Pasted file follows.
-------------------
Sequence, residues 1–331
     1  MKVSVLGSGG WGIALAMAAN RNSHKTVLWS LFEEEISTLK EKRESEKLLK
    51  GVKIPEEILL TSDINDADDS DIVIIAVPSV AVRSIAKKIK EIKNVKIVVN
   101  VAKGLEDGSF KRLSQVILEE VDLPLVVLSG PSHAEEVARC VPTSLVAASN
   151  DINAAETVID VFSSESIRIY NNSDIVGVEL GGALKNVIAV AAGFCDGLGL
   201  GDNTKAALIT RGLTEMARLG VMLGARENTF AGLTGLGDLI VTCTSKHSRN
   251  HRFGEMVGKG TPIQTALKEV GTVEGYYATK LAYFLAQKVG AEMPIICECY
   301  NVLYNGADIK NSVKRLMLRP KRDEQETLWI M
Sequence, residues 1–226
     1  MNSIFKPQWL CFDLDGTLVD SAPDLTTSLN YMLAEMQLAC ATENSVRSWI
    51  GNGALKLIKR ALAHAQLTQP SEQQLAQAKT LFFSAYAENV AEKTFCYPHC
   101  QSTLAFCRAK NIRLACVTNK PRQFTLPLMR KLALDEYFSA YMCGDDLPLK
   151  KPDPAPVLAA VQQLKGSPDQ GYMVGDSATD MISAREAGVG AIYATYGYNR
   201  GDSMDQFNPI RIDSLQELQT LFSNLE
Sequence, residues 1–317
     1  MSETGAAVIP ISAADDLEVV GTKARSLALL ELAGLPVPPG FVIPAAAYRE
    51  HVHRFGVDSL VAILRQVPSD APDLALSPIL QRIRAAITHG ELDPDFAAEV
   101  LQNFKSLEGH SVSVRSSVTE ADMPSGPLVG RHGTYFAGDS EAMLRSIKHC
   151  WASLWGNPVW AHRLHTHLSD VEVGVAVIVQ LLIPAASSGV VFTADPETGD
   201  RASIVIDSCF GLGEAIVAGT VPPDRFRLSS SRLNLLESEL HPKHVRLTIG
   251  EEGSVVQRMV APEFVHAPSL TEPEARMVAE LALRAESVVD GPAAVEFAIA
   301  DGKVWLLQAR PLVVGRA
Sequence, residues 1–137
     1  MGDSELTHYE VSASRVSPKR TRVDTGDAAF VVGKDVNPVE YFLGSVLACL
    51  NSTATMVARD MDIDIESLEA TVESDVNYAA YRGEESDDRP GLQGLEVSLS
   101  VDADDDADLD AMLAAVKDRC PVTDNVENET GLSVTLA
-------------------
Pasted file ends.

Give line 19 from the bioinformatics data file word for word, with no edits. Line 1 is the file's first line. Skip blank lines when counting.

   151  WASLWGNPVW AHRLHTHLSD VEVGVAVIVQ LLIPAASSGV VFTADPETGD